Brighton in Sussex England
The Beardsley house on Buckingham Road was filled to the gills with people. Along with Aubrey and his parents were one-year-old Mabel; Ellen’s two unmarried sisters; her father, retired Surgeon Major William Pitt; and live-in maids who provided all the household chores, as Ellen was very ill.
Aubrey’s father had originally inherited a fortune from a maternal grandfather, but he lost a great deal of money in court for a breach of promise suit by the widow of a clergyman. That is how they came to live at Ellen’s family home.
Aubrey was always ill, even as a child. His first bout with trouble came at age nine when he was infected with tuberculosis, a disease spread through the air that affects the lungs. A delicate child, his mother often referred to him as her “little piece of Dresden china.” He was packed off to live with an aunt when his mother fell ill and consequently attended Bristol Grammar School.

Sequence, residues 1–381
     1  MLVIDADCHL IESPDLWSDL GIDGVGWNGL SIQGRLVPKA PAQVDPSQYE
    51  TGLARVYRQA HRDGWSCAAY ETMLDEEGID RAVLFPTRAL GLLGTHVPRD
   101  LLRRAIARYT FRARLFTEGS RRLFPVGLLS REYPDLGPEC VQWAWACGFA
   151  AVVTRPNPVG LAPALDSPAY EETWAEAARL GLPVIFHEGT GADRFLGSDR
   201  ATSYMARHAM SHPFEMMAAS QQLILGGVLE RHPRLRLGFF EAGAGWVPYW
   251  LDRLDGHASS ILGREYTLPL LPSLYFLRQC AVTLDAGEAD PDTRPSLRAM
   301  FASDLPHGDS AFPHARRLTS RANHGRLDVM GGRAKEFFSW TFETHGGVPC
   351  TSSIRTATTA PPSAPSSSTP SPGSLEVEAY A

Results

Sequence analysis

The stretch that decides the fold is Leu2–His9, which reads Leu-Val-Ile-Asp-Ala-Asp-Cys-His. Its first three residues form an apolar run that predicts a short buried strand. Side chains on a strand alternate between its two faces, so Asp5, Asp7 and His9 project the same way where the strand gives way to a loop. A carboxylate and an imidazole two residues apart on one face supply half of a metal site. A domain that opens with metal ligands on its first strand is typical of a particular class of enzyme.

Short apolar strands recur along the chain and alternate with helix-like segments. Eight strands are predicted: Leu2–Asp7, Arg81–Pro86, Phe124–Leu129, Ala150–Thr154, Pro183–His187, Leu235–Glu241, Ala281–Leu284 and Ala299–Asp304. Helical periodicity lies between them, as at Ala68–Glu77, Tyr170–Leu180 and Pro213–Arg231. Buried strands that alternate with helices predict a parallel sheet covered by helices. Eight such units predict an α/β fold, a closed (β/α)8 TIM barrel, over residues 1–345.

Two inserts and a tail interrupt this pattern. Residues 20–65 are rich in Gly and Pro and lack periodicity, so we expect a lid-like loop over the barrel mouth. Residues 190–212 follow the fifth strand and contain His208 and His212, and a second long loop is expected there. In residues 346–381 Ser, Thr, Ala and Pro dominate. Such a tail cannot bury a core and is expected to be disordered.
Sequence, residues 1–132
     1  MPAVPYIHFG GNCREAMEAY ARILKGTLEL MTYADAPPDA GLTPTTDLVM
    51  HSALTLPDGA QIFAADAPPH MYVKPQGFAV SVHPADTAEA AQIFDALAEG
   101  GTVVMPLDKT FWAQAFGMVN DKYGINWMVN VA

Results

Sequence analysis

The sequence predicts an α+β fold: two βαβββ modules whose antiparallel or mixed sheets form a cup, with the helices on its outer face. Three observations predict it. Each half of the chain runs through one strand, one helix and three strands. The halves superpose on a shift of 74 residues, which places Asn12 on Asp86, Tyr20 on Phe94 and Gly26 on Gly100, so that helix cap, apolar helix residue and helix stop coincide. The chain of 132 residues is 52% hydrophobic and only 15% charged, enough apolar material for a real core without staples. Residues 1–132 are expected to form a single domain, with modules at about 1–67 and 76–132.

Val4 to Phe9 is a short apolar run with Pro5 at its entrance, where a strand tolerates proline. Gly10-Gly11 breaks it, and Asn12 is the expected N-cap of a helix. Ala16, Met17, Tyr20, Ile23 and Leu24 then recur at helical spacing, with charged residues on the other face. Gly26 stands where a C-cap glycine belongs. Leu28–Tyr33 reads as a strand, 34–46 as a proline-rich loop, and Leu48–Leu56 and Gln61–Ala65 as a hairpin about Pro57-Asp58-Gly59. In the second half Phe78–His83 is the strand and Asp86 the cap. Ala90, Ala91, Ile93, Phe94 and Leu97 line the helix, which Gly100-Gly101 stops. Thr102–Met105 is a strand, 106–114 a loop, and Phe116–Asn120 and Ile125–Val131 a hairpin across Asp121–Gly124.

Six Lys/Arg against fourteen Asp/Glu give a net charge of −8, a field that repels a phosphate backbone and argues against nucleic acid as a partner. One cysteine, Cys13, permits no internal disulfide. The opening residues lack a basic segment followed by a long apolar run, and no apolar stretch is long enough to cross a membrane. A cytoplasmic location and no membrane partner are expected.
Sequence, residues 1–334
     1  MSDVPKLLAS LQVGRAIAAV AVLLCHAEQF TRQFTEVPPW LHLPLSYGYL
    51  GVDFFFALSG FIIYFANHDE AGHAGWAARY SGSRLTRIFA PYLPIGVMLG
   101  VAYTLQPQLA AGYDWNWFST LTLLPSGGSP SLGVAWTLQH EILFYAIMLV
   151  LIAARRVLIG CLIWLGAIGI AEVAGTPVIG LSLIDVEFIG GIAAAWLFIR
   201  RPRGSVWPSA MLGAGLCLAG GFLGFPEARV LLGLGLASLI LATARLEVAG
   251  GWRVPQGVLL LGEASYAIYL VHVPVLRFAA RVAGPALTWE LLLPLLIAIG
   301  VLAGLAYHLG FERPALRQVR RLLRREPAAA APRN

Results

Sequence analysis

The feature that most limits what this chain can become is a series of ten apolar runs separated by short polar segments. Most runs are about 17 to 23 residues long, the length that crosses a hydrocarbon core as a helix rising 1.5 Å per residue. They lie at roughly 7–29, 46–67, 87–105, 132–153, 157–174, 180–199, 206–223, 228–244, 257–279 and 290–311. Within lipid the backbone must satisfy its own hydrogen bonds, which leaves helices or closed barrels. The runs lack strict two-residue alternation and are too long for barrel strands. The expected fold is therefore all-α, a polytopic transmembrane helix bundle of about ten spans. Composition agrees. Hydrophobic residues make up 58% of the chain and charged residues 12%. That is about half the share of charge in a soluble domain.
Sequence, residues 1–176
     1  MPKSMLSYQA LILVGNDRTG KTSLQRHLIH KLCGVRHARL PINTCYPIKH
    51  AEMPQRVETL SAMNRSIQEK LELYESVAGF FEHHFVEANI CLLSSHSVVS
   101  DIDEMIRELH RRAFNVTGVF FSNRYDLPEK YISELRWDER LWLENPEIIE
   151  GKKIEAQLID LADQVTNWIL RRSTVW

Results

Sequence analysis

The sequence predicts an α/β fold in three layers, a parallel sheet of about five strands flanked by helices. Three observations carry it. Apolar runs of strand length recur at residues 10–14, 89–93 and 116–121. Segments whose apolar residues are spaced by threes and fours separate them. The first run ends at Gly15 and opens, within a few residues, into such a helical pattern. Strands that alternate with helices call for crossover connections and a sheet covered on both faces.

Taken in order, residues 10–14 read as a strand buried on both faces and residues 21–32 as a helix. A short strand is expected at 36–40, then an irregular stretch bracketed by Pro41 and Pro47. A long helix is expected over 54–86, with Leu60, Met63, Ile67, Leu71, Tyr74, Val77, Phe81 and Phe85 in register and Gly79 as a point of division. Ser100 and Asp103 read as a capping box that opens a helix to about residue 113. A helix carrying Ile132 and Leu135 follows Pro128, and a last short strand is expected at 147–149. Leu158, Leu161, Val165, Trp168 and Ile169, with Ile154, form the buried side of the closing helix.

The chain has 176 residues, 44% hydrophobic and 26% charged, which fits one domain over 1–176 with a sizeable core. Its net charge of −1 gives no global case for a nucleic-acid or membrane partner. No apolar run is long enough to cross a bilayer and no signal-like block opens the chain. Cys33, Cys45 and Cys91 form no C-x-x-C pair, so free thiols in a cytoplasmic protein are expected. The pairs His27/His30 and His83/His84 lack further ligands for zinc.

Aubrey was rather isolated from other children and brought up in mainly adult company. He pored over illustrated children’s books in the absence of friends. His mother seems to have fostered her children’s sense of specialness. Both Aubrey and his sister were thought of as artists with musical prodigies. His self-worth remained intact and Aubrey became precocious, a trait he held onto the rest of his life.
Aubrey had childhood success with a poem in the Brighton Grammar School magazine, but it brought him little attention from the rest of the world. However, when his family moved from Brighton to London in 1891, a famous incident moved his career along.